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This article was published on July 15, 2011

No Spotify in Canada? No problem. We’ve got Rdio.

No Spotify in Canada? No problem. We’ve got Rdio.
Mike Vardy
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Mike Vardy

Mike Vardy is a husband, father, independent writer, speaker, podcaster and "productivityist". He is also the author of the book, The Front Mike Vardy is a husband, father, independent writer, speaker, podcaster and "productivityist". He is also the author of the book, The Front Nine: How To Start The Year You Want Anytime You Want, published by Diversion Books. You can learn more about his other work at his website,, visit his blog at, and you can follow him as @mikevardy on Twitter.

With the launch of the popular music streaming service Spotify in the US today, Canadians have been once again left out in the cold. Sort of. While Spotify has been getting a lot of notice, Rdio already has a large amount of Canadian users and very well could wind up being the streaming and subscription based service of choice in The Great White North — even after other services decide to test the waters.

Rdio has always looked at Canada as a big part of the service, and Drew Larner, CEO of Rdio made it clear that the service’s mandate to deliver to Canada has been there since its launch. And the growth has been strong, cemented by the company’s recent partnership with telecom giant Telus to become its official mobile subscription service.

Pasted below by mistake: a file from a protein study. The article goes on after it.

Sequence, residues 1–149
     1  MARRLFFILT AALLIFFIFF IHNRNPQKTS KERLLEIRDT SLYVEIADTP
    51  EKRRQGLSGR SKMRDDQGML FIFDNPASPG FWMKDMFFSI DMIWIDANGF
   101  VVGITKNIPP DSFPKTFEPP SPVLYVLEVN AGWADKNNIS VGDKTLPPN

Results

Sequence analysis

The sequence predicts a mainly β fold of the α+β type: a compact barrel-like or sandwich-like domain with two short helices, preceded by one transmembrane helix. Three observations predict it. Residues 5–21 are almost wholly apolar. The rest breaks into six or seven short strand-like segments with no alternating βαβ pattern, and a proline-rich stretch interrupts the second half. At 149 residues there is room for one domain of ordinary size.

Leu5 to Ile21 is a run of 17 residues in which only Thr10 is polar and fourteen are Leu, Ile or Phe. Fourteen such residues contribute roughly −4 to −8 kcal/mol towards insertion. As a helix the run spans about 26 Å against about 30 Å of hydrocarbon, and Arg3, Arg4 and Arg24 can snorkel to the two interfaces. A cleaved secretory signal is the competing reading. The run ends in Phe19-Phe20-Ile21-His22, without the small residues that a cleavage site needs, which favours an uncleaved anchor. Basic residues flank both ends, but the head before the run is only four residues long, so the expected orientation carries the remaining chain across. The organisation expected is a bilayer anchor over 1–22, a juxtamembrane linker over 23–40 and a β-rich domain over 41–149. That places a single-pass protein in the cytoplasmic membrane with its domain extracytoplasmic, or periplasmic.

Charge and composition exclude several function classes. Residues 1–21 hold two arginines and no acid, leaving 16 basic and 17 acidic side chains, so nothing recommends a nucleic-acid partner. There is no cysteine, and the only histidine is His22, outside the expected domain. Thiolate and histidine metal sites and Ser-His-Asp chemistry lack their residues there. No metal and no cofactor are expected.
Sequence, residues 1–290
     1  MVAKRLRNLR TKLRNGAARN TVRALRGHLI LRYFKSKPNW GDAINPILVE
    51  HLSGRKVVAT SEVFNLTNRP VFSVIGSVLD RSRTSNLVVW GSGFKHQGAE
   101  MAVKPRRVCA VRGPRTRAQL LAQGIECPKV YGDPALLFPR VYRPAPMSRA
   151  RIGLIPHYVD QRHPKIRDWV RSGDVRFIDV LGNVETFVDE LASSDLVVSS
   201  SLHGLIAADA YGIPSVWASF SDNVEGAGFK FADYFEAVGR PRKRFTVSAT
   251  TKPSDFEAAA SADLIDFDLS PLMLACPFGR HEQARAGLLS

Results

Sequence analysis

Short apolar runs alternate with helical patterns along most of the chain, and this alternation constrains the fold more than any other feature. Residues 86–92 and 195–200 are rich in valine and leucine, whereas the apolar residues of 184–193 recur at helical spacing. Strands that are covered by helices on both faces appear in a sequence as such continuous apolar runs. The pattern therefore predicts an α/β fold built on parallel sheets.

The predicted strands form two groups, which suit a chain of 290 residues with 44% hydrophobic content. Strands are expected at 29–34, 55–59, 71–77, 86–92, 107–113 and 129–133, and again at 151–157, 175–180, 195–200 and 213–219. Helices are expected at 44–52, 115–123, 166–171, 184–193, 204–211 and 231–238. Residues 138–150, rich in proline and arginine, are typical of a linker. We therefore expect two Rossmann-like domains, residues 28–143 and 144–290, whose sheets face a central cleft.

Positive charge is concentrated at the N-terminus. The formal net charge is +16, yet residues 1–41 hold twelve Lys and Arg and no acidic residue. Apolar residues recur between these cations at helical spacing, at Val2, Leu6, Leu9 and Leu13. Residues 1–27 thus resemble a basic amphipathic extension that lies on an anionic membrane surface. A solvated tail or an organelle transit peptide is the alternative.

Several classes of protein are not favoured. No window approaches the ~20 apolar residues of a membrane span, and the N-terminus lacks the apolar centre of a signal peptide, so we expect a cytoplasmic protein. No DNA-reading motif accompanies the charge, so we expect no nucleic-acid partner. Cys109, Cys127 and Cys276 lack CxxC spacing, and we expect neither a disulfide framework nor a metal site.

“When we launched, that was part of our launch– US and Canada off the bat,” Larner explains. “We’ve done a lot of outreach and the announcement of our deal with Telus. I think it’s a great indicator of how serious we are about the Canadian market and wanting to bring Rdio to the masses up there for people who love music.”

When asked by The Next Web whether or not today’s US launch would also bring Spotify north of the 49th Parallel, Allison Bonny, Head of Communications at Spotify responded via email:

“…in terms of Canada, our long term aim is to be available in every country. We know just how passionate Canadian music fans are but we don’t have any immediate plans to launch there.”

Whether or not this has to do with the market size of Canada, or the hurdles to bring content are just too onerous to tackle (since Spotify has been working to get into the American market for years), Rdio has a great opportunity to gain further traction here in Canada. And the press surrounding Spotify’s launch south of the border hasn’t hurt.

“This may sound a little counter-intuitive but they’ve (Spotify) have been sitting out there, they’ve obviously built a big user base in Europe and gotten a lot press but people didn’t really know who they were here (in America),” says Larner. “I think now that they’ve launched…and I think this applies for Apple, Amazon and Google and their cloud-based products as well — we can now line up all these things that have were sort of amorphous to date. It allows us to compare all of the products, and we believe that we’ve built the best product and we welcome the competition.”

Interestingly, in Canada Rdio appears to have no serious competition as of this writing. None of the companies Larner mentioned have brought its cloud-based music services to Canada (with only Apple really allowing for any kind of music service at all in iTunes), which should bode well for Rdio’s future here in Canada. And Rdio may also play a big role in helping Canadians get over its new media envy.